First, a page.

"Also, Resolved, That the trouble in this community which was caused by the death of a fellow human being, and the wounding of several others, which threatened a general riot, grew out of the pernicious habit of carrying concealed weapons, and that the Mayor and Aldermen of this city be requested to pass an ordinance with sufficient penalties prohibiting the carrying on the person of all concealed weapons; and that the Council memorialize the State Convention to make a Constitutional provision of the sme import for the State at large."

                                                C.S. Loncope, Chairman

Subsequently to the above the Mayor of the city issued the following proclamation.

                                                Mayor's Office, Houston, June 16, 1868 

Notice is hereby given, that, in order to allay all feeling and excitement occasioned by the unfortunate occurrences of Sunday last:

It is hereby ordered that all citizens disarm themselves and place their entire reliance upon the execution of the laws by the officers thereof.

All parties who have been called upon to act, and were sworn as special police, are required to leave their arms at home and are relieved of active duty until called upon to prevent disturbances, regardless of the quarter from whence they arise.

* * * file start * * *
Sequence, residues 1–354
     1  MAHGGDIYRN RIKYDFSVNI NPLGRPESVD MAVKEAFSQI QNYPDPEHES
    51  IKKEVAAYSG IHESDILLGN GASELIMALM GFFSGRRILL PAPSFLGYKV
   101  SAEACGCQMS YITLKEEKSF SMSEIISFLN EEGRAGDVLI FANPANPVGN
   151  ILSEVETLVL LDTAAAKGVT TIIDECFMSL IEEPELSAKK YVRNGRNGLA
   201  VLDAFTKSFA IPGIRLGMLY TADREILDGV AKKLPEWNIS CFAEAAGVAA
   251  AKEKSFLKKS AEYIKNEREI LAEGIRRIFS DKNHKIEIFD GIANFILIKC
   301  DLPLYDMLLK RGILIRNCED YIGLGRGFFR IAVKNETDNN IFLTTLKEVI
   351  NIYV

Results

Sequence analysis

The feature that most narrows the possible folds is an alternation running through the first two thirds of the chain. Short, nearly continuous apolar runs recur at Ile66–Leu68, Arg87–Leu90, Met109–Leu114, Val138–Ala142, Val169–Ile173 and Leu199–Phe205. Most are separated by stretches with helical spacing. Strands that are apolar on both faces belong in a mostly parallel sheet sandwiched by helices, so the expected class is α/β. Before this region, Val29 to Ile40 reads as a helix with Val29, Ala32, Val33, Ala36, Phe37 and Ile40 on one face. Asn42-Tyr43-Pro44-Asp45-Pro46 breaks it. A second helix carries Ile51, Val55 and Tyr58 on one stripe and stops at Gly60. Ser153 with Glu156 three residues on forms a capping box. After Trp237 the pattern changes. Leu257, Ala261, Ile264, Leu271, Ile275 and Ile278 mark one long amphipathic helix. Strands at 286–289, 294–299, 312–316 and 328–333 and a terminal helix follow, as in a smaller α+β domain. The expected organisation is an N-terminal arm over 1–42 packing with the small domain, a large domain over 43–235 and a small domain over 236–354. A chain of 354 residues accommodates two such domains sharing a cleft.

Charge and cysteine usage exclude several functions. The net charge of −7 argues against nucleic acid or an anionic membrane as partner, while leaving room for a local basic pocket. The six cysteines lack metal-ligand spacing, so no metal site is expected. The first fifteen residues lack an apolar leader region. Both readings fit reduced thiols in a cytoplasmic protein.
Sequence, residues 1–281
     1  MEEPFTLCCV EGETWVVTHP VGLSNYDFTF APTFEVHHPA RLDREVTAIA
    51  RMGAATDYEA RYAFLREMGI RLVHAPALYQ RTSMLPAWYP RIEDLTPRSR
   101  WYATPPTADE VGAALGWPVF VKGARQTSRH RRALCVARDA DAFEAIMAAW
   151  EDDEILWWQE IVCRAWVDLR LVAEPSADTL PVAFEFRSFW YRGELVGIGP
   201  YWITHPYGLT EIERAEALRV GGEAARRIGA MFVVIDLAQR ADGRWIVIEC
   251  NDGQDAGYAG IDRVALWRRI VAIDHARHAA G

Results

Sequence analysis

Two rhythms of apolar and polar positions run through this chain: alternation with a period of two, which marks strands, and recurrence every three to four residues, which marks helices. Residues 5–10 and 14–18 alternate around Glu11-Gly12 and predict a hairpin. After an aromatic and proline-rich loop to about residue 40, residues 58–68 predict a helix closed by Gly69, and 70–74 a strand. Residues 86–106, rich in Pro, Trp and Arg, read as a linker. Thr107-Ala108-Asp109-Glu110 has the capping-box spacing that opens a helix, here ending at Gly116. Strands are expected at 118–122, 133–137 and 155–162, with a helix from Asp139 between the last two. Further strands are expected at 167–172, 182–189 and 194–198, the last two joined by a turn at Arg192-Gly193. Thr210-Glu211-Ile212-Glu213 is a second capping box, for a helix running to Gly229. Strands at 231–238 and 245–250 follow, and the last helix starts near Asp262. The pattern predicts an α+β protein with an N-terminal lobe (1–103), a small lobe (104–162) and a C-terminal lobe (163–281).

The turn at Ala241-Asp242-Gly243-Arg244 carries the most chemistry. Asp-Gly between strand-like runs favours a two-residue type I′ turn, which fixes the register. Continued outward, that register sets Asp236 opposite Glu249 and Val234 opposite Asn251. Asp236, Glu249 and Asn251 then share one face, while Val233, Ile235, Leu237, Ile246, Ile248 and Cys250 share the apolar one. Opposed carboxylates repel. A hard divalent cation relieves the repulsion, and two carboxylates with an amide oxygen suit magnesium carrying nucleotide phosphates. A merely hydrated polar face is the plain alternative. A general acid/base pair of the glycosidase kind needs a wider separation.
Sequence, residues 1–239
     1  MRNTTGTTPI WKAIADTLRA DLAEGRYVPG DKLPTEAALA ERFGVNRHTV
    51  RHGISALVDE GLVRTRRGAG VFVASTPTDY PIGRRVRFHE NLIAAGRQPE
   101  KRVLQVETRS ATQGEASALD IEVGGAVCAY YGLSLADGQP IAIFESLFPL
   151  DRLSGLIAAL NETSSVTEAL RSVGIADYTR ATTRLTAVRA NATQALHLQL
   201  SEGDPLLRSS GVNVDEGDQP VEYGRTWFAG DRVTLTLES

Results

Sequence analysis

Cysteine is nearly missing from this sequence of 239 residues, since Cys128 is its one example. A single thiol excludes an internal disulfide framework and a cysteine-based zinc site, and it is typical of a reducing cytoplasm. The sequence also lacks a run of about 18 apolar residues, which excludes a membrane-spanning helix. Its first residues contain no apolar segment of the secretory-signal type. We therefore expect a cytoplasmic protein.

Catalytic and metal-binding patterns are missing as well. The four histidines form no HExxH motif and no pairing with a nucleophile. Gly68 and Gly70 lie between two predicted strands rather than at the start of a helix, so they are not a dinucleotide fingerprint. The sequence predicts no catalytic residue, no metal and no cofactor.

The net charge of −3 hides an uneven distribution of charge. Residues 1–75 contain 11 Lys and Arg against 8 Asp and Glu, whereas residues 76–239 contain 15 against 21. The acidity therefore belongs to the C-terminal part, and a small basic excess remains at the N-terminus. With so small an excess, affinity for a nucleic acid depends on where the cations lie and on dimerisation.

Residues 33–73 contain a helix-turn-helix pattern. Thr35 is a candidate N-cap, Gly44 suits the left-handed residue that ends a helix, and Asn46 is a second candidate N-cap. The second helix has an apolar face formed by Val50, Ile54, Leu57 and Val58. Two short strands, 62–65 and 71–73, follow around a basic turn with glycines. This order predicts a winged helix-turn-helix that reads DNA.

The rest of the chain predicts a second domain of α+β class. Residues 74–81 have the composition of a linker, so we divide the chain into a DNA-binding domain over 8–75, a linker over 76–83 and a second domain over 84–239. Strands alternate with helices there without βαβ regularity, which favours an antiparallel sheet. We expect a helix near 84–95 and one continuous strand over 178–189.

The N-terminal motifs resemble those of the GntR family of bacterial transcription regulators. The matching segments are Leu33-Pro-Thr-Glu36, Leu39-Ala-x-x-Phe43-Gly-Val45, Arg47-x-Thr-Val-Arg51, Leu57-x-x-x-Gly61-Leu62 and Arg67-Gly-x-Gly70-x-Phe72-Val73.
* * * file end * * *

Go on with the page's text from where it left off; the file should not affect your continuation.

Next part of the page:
I call upon all good citizens to assist in carrying out the laws, for upon the execution of them alone can we rest safely. 

And I earnestly request of all that they pursue their usual avocations, that all disquietude and feeling may be suppressed.

    A. McGowan,

    Mayor City of Houston

UPDATE: Another, contemporary story adds that the shooter was a black conservative sympathetic to the white establishment who had killed someone several months before and been acquitted. That article says that Marshal I.C. Lord had not taken the shooter to jail but was sheltering him elsewhere, and the mob demanded he either be jailed or hung. They dispersed when he was taken to the county lockup. He was convicted in 1869 and sentenced to two years in prison.

Tuesday, March 07, 2023

Jeff Blackburn Memorial Comments

On Saturday, per his request, I spoke at Jeff Blackburn's memorial service about our work together in the aftermath of the Tulia drug stings and at the Innocence Project of Texas; here's what I said. Below my comments, I've compiled links to a guest post by Jeff and various interviews with him on this blog over the years, if only for my own selfish purposes: It was nice to turn on a couple this morning and hear the sound of his nasally, flat, Panhandle drawl. They broke the mold after Jeff Blackburn and I probably will never stop missing him. Rest in Power, brother.